Severity rate, also known as lost-time workday rate, is used to indicate the gravity of workplace injuries or illnesses. Accident rate alone does not reflect a safe work environment. A company may have a low incident rate, but have a high number of lost work days associated with each incident. A high severity rate is like a red flag, signalling serious safety concerns. The longer it takes an employee to return to work after an accident, the more severe the accident.
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Things you need
- OSHA Form 300
- OSHA Form 300A
- Payroll Records
Determine the total number of days away from work. This is the total number of lost-time days due to occupational injury or illness, recorded on line (K) of Occupational Safety and Health Administration (OSHA) Form 300A. You may also obtain this figure by adding the total number of days entered in column (K) of OSHA Form 300.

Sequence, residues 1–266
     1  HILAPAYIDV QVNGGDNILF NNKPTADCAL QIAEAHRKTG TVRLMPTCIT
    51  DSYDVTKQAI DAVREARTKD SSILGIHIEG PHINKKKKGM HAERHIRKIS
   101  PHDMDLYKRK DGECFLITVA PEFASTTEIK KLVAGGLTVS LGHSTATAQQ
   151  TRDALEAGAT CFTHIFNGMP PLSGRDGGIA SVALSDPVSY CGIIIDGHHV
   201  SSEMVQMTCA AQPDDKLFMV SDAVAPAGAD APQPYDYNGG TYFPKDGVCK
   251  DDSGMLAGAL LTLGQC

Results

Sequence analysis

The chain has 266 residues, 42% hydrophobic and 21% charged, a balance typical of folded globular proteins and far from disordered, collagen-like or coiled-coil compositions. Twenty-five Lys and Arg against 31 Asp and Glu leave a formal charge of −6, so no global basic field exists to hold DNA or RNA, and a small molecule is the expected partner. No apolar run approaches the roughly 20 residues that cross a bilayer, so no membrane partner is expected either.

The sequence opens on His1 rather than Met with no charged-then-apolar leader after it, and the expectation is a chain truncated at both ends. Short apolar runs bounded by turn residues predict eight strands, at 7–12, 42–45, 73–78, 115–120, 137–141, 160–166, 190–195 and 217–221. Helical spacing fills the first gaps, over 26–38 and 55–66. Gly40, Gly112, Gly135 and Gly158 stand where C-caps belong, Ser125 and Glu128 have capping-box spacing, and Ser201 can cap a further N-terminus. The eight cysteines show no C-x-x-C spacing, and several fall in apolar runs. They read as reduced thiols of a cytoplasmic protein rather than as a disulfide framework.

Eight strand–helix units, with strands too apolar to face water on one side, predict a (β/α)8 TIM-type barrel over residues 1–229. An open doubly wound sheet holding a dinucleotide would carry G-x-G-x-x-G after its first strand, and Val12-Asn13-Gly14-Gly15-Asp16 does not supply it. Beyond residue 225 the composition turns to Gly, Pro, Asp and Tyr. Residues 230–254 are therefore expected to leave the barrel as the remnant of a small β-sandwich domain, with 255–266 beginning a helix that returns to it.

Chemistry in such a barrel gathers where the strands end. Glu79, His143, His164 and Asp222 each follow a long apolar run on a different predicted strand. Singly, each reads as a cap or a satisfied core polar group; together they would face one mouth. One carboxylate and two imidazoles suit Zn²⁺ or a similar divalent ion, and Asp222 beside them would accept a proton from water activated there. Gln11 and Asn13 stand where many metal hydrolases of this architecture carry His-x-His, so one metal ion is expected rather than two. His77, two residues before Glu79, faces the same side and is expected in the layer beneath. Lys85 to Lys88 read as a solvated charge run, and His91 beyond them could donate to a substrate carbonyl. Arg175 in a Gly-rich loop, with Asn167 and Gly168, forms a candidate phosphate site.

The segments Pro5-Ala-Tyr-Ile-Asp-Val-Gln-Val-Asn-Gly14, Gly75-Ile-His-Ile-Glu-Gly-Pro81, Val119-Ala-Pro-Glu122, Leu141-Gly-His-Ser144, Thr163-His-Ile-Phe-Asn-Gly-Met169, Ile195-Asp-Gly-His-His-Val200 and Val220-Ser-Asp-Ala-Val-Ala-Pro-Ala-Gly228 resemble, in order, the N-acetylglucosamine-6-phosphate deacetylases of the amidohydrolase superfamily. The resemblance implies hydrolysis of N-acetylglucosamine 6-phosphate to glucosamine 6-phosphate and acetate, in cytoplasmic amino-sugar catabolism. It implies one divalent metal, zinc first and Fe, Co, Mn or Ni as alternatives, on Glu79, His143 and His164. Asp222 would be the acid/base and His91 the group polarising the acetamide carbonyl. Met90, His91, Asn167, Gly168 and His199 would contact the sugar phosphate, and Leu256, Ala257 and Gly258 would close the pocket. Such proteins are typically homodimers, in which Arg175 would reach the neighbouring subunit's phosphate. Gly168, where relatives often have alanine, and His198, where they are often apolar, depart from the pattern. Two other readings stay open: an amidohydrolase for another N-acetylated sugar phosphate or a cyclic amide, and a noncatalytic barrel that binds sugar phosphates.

Determine the total number of hours worked during the year by all employees. This number is the total of all regular and overtime hours worked, available on OSHA form 300.
Compute your severity rate. The total number of days away from work times 200,000 (the equivalent of 100 full-time employees working 40 hours per week, 50 weeks per year) divided by the total number of hours worked during the year equals the severity rate. All OSHA rates are expressed as a rate per 100 full-time employees. This provides a standard comparison value so that companies can compare safety performance rates whether they have 50 or 5,000 employees.
Tips and warnings
- Compare your severity rate with the average for your Standard Industrial Classification (SIC), published annually by the Bureau of Labor Statistics, to assess your safety performance. Bureau of Labor Statistics data can be viewed online at www.bls.gov.
- The total number of hours worked during the year should not include vacation, sick leave or holidays.
- Contact OSHA at (800) 321-OSHA for questions about calculating your severity rate.
- High severity rates can impact worker compensation costs and insurance premiums.
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